More from the NYC Parks Commissioner! — On Washington Sq Park and WSP Blog Concerns

A follow-up letter from NYC Parks Commissioner Adrian Benepe to me in response to my letter of February 13th. We’ve had a bit of a back-and-forth. It’s true that the Parks Commissioner and I are most likely never going to agree on many aspects of the redesign – and the history of the redesign – of Washington Square Park. I have a few thoughts in response to this, but first, his letter which I’ve posted below:

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April 7, 2009

Dear Ms. Swan:

Thank you again for your correspondence about the renovation of Washington Square Park. It seems there are a number of points where we will have to agree to disagree. We may never come to an understanding on what is or is not public space (I would argue the entire park is public space), how to define a renovation versus a “spruce up,” a spear versus a ball and whether or not the Parks Department has been responsive to community concerns.

Many aspects of the renovation you wish to “come to an agreement” on were settled long ago. In fact, your request to change aspects of the renovation that have already been completed or that are currently under construction is nearly impossible to grant at this point. The fountain plaza is very close to completion and the fence is already installed. After the February 4th Washington Square Park Task Force meeting, the Parks Department made additional changes.

When Washington Square Park is completed I am confident that it will continue to be a vibrant, eclectic gathering and performance space for Villagers, students and visitors and I truly believe you will enjoy the restored park.

Thank you for your support and interest in Parks.

Sincerely,

Adrian Benepe

On the Performance Area in Phase II Redesign – “Garibaldi Plaza”

(Updated)

WSP Blog reader Elton wrote in yesterday with the following comment in relation to my post on the Landmarks Preservation Commission hearing last week. He raises some good points:

“Praise be to Commissioner Roberta Brandes Gratz for her stand in redirecting the Phase II design proposals toward stated community needs. Another community need I feel is getting very short shrift in Phase II is the PERFORMANCE STAGE. Its design and location should be restudied, especially in the light of potentially expanding long-range uses of the park, and in line with the recommendations envisioned by many park-use evaluations. For instance, in past seasons, attending musical performances at Teen Plaza, one must contend with competition from being seated in the middle of a crossroads, limited stage area, no accoustical baffles or wind (or even slight, provisional weather) protection, etc., and Phase II envisions even more compromised conditions. Why can’t a STATE OF THE ART PERFORMANCE STAGE be insisted on as a FOCUS and (geometric, if that’s the winning buzzword) FEATURE of that axis of the park, not a badly-served and watered-down afterthought? Wouldn’t this be an essential part of a long-range plan to underscore the park’s continued and expanding viability as a performance venue?”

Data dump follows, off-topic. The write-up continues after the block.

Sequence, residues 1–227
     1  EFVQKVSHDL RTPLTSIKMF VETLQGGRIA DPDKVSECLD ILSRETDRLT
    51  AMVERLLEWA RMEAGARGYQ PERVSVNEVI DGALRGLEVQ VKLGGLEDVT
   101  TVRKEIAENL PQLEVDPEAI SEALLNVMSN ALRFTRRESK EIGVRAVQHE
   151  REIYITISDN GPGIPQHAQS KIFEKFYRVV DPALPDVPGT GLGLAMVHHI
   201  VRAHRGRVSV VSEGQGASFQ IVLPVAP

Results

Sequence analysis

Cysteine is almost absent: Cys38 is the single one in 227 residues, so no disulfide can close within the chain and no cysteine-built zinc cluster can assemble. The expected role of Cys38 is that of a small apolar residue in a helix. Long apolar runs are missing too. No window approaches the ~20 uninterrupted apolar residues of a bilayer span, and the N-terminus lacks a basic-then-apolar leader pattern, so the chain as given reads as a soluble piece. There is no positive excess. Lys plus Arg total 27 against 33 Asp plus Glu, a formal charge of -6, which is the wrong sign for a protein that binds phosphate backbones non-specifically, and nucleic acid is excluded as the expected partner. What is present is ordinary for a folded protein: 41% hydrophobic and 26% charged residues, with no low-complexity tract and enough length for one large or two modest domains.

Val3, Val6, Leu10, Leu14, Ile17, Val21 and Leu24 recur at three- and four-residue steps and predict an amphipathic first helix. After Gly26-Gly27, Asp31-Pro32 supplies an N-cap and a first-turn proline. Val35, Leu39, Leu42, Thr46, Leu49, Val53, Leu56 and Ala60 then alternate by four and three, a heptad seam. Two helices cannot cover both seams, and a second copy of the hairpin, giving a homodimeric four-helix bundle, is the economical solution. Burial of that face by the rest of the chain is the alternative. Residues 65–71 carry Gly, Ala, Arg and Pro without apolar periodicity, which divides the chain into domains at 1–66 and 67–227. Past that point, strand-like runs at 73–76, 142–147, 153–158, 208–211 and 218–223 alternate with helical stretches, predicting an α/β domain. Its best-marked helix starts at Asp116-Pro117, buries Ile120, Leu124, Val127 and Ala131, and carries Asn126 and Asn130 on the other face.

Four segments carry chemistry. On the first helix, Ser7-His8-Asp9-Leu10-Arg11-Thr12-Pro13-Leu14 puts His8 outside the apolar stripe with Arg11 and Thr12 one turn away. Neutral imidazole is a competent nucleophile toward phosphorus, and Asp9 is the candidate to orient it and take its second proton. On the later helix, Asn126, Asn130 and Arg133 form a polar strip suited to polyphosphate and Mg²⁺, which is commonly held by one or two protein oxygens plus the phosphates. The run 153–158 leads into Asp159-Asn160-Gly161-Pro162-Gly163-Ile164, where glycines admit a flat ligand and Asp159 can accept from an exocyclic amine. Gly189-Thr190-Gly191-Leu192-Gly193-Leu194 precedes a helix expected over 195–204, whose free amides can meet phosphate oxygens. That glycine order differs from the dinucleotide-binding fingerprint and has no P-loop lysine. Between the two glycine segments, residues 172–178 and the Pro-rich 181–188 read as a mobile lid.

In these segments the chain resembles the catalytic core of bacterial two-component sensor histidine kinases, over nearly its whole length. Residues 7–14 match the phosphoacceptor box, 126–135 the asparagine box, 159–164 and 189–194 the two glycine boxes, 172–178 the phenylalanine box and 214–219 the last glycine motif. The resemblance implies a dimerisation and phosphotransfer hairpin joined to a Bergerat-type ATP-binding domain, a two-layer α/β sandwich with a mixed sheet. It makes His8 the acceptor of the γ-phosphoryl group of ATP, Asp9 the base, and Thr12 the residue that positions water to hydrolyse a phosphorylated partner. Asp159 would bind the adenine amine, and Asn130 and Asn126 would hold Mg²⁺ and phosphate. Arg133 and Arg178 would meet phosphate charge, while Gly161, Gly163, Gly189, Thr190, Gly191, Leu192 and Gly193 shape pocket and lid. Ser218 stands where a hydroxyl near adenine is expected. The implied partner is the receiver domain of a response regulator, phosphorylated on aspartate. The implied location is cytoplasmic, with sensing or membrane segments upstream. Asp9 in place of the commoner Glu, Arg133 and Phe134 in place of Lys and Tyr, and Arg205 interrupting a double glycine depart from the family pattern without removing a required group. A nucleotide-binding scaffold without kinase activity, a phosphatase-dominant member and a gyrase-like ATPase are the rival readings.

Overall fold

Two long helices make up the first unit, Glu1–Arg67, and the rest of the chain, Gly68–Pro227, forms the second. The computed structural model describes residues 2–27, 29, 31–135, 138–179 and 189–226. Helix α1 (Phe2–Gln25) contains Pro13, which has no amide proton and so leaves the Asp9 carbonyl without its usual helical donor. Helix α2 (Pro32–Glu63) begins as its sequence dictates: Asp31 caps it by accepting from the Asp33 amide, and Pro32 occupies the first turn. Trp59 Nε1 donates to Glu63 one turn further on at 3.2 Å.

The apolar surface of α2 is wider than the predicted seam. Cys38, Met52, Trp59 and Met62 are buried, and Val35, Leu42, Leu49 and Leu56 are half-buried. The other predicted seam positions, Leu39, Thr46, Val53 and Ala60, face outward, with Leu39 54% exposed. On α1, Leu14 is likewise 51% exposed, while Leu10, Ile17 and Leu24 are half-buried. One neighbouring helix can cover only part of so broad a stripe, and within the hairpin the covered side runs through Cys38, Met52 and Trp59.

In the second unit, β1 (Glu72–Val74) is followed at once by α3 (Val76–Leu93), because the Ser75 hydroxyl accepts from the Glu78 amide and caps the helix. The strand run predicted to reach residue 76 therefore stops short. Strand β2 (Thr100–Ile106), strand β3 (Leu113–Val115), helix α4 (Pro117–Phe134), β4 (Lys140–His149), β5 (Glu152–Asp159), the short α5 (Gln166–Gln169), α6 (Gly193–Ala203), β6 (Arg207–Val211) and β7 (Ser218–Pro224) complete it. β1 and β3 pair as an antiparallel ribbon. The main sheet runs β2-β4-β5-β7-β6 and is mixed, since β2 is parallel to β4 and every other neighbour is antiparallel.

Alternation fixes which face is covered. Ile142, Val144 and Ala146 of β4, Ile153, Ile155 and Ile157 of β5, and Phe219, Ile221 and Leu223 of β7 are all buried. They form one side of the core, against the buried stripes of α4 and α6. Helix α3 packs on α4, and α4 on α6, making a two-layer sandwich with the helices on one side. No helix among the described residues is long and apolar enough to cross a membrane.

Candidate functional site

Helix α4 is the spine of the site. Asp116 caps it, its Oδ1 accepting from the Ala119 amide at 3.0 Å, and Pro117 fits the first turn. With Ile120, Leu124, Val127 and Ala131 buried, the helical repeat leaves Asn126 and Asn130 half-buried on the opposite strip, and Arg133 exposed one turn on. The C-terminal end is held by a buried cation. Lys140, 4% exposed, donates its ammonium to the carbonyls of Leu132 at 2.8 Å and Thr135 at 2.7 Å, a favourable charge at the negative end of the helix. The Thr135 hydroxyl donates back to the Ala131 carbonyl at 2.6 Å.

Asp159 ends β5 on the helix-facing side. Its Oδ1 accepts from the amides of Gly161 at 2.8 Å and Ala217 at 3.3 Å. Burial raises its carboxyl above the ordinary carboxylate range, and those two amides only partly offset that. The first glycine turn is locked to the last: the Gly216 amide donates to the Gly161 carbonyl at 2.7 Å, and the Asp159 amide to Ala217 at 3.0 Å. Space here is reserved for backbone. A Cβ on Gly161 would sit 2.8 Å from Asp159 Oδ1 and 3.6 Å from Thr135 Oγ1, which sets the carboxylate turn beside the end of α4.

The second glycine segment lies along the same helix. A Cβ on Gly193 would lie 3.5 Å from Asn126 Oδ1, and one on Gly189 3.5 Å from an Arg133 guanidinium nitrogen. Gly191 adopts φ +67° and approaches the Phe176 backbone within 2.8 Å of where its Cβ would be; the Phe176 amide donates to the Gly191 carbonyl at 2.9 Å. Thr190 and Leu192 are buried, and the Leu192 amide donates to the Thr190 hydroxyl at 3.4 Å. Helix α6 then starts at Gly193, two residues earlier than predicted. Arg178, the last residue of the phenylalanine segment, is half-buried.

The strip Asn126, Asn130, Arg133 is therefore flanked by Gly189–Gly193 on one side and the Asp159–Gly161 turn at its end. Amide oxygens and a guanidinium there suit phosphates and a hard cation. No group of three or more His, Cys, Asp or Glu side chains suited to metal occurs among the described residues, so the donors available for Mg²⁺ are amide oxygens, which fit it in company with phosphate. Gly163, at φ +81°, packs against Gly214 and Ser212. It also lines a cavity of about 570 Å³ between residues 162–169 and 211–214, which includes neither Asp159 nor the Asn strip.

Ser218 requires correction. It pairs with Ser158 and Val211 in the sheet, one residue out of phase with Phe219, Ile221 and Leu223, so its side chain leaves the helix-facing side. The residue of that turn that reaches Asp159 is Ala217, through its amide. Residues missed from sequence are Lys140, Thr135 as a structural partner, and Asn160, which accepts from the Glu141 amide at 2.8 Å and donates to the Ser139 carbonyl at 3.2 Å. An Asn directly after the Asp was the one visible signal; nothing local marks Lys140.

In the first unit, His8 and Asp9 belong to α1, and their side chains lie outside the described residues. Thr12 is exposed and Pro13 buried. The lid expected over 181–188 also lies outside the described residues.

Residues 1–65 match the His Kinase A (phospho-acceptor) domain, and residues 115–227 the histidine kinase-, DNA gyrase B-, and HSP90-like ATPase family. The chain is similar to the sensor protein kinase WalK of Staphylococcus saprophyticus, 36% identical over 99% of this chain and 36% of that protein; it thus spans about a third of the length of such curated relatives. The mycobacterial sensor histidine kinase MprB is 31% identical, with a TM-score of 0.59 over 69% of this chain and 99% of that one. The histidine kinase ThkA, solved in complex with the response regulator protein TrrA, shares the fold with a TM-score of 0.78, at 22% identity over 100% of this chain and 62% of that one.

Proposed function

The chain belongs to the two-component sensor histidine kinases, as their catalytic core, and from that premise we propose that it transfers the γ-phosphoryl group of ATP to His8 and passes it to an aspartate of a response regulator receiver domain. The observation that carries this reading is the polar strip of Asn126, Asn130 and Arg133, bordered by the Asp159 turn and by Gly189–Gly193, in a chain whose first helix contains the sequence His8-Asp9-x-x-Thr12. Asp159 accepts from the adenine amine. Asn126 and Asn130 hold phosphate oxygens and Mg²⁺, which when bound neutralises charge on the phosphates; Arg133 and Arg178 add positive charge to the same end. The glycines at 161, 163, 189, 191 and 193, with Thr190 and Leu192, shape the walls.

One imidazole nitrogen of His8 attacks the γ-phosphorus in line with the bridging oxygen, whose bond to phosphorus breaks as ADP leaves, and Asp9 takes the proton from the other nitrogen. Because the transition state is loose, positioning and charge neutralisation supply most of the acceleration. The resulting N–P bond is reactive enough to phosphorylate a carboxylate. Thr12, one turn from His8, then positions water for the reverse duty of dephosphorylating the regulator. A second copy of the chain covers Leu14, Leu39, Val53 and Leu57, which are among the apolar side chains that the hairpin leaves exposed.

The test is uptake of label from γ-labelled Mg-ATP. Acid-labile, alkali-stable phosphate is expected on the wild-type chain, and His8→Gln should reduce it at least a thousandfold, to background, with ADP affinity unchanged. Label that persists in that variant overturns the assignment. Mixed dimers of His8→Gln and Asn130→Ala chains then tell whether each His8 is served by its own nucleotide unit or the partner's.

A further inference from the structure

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Thoughts?

WSP Blog Note: I can’t say I have a clear idea of what exactly is happening to the performance area, the here-to-fore (oops. I mean from here on) renamed Garibaldi Plaza, but I do know the Washington Square Music Festival stated that they were worried about sight lines, the size of the stage, the height of the stage, the fact that there is no railing, and no real back stage. While I think they could have argued more forcefully for what they want, the other side of this is, that, though they are well regarded and historically connected to the space, they only use the stage about five times a year. I’ve heard that other performers, such as “street” performers, may not want a railing although, for any body’s usage, the stage does seem too low. I gather people will be able to just sit on the stage and use that as a “public space.”

So… what is the “every day” use of this space? Will there be more professional performances – and which should the Park be oriented to? … Although I’m sure no matter how you slice it, this area’s design should be reconsidered.